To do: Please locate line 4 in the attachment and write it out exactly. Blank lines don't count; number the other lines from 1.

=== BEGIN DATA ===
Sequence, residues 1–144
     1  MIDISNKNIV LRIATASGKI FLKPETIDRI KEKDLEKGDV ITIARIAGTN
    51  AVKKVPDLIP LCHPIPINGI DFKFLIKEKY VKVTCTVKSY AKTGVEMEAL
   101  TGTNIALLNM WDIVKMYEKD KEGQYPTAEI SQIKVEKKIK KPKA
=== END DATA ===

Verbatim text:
   101  TGTNIALLNM WDIVKMYEKD KEGQYPTAEI SQIKVEKKIK KPKA